The movie centers around the title character, Samba, played by Sy, an undocumented immigrant from Senegal who wants to regularize his situation and stay in France. He encounters Charlotte Gainsbourg. She says that she is a former high-powered executive who got burned out and is suffering from insomnia. She looked believably fatigued. Outside of seeming tired and depressed, there was nothing else believable about her character. I’m not really sure if I should blame the writer, the directors or Gainsbourg herself, whom I’ve liked in the past, but I suspect the blame could be divided among all of them. One necessary ingredient to make the story work was that the two leads had to have sufficient interest in one another to overcome gaps in both culture and social class. It might be understandable that a depressed, bored woman might be interested in Sy’s energetic character, but why anyone would be interested in Gainsbourg’s character is beyond me. She seems like even more of a drag than your average depressed person. (Charlotte, never go full burn out.) It’s hard to believe that she was ever an executive of any importance. Furthermore, although France might be different, you can’t just take a year off and expect to return to having the authority you did when you left, as Gainsbourg appears to do at the end of the movie. Her character barely seems capable of standing up, let alone leaning in. She wears the same black turtleneck and baggy brown overcoat seemingly everyday. When she finally returns to her work and she walks in her office and all these very Gallic looking men in business suits quickly put away their cell phones, it just looked so contrived.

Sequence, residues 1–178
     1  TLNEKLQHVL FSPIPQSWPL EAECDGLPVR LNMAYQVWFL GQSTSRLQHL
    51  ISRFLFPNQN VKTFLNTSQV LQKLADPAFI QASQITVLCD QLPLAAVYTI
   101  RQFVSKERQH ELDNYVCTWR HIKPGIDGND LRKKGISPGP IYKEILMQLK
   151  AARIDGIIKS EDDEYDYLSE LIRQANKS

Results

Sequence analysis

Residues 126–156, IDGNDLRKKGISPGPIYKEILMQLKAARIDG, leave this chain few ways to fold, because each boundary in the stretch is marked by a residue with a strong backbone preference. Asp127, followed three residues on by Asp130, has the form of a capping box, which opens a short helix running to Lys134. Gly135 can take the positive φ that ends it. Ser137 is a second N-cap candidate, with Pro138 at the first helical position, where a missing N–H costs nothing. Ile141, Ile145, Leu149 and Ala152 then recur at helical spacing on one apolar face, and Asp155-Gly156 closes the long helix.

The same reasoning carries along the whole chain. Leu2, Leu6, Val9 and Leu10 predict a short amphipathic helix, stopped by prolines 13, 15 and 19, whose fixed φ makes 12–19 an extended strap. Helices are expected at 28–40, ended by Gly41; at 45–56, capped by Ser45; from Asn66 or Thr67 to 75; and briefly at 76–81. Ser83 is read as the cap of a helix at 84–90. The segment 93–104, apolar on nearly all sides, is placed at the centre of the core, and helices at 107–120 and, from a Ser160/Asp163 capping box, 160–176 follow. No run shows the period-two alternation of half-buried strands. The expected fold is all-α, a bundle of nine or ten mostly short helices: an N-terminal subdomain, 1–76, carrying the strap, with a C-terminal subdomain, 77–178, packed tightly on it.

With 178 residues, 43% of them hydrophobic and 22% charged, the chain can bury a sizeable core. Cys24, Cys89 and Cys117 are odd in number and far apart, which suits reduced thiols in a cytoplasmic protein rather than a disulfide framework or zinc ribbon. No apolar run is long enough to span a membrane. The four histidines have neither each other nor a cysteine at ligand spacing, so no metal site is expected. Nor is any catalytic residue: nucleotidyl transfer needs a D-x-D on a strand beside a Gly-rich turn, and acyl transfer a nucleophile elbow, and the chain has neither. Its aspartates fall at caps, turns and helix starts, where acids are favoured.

It was such a let down from the opening which began with a wedding and had what appeared to be one long shot from the fancy reception, through the various levels of the kitchen until we encounter Samba working in the back as a dishwasher. While the movie’s portrayal of low-level jobs seemed to me to be, with the exception of the window washer scene, realistic, their notion of how white-collar jobs function seemed to me to be off.

It’s too bad the window washer scene didn’t seem to fit in because it was cute. Some of the funniest moments were with Tahir Rahim, who plays a Moroccan immigrant pretending to be Brazilian, so he can appear sexier. While working as a window washer in La Defense, he does a strip tease in front of a crowd of admiring office workers. I couldn’t help thinking that it was too bad that he and Sy didn’t star in a mad cap comedy about two undocumented immigrants trying to make their way in France. As it was, many of his scenes, while thoroughly entertaining, felt like they came from a different movie.

Similarly, Youngar Fall does a wonderful job as Samba’s uncle, yet those scenes feel lifted from a serious drama.

Sometimes, a movie can draw from different genres and it works. This time it didn’t. It’s not a bad movie, just an okay one. However, for Americans, it might be interesting to see because you get to see a side of French society we don’t usually bother to look at.

I’ve been tossing around what to say about this movie since I saw it last night. It’s been more difficult than I thought because I enjoyed it and would like to convey that basic fact but many of the things I want to say sound like criticisms. It’s very predictable. That’s not necessarily bad. It’s sweet. That’s not bad, either. The humor is very gentle. Also, not a bad thing.